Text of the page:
Fringe Diary Day 3: All For One
One of the best things about this trip to the Fringe has been meeting other producers (trainee and pro) to have a good old rant, especially when it's in an absinthe bar full of circus honeys. Hey, when I'm working late I want to be at a party, even when I’m not drinking (touch me, I’m a saint).
I’ve spent the week banging on about funding, curation, policy, mentoring, what a racket the Fringe is, what a great thing the Fringe is, how far disability arts has come and how far there is to go….
What excites me the most about disability arts is that so many of the people involved are so deeply politicised, resistant and subversive. I love a rabble-rouser, a shit kicker, an eloquent arguer for justice and anti-bullshit, and I personally see the world as hornet’s nest that needs to be kicked every once in a while lest we settle for too little. It’s up to you wether you do it with art, activism or rhetoric.
Explicitly political work of any nature can be difficult to get funded and appreciated by the mainstream, and so the value of a clear and simple message for any arts project is easy to grasp. With so many barriers left to blow up for disabled folks generally it can be tempting to focus solely on the specifics of access, but having sniffed around for a few months now I’m starting to wail the siren song of intersectionality in the hope of luring a few sluggish vessels onto the rocks of progress. And I’m not the only one.
The arts in the UK are white as fuck, middleclass as hell and I’m only partly convinced that the sudden surge in feminist enthusiasm isn’t going to be regarded as a phase the minute Bryony Kimmings drops her sprog. This is NOT good enough.
As far as disability arts goes, for a movement tied so closely to the politics of equality I’m shocked by the number of backwards statements I’ve heard from folks working in disability arts regarding gender, specific impairment groups, age and sexuality.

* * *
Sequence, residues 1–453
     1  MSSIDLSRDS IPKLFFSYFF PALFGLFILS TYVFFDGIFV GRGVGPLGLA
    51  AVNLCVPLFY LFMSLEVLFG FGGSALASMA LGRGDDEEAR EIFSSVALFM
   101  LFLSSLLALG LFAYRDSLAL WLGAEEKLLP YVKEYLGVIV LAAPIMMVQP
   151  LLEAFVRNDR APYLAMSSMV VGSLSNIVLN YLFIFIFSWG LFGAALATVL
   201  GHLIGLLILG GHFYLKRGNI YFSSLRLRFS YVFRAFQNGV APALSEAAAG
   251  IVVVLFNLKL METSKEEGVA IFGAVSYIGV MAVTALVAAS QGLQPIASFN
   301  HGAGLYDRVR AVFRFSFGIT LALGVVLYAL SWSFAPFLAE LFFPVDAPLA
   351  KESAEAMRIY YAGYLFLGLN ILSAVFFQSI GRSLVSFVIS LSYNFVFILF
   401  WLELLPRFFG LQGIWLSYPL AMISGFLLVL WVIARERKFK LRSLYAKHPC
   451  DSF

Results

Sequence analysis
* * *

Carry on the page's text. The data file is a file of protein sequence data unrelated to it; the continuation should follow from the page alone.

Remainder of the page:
Nobody is politically perfect but if we really want the arts to reflect the full diversity of life then it doesn’t start with inclusion policy, with the Creative Case, with Equal Opportunities or curated showcases; it starts with us, all of us, making our equal-mindedness LOUD AND CLEAR and calling out anyone for using sexist, ageist, homophobic, racist or otherwise derogatory bullshit language.
Yeah, I know it’s a pain, (I miss the days when I’d just kick out the headlights of curb-crawlers rather than talking to them), but what is the point in fighting for equality for some if others are left out in the cold?
More power for one doesn’t mean less power for the other- the nice thing about empowerment is that it is limitless. Yeah, I’m talking from a position of relative privilege- white, invisible impairments, educated- but top to bottom, gallery volunteer to organisation director, we are all responsible for making nice, levelling the playing field and trying not to be a total ass-hat.
[Dao writers, you'll be delighted to know I've added 'feminism' and 'intersectionality' as tags in the CMS so you can write about them to your heart's content now.]
Posted by Alice Holland, 1 September 2015
Last modified by Colin Hambrook, 20 April 2016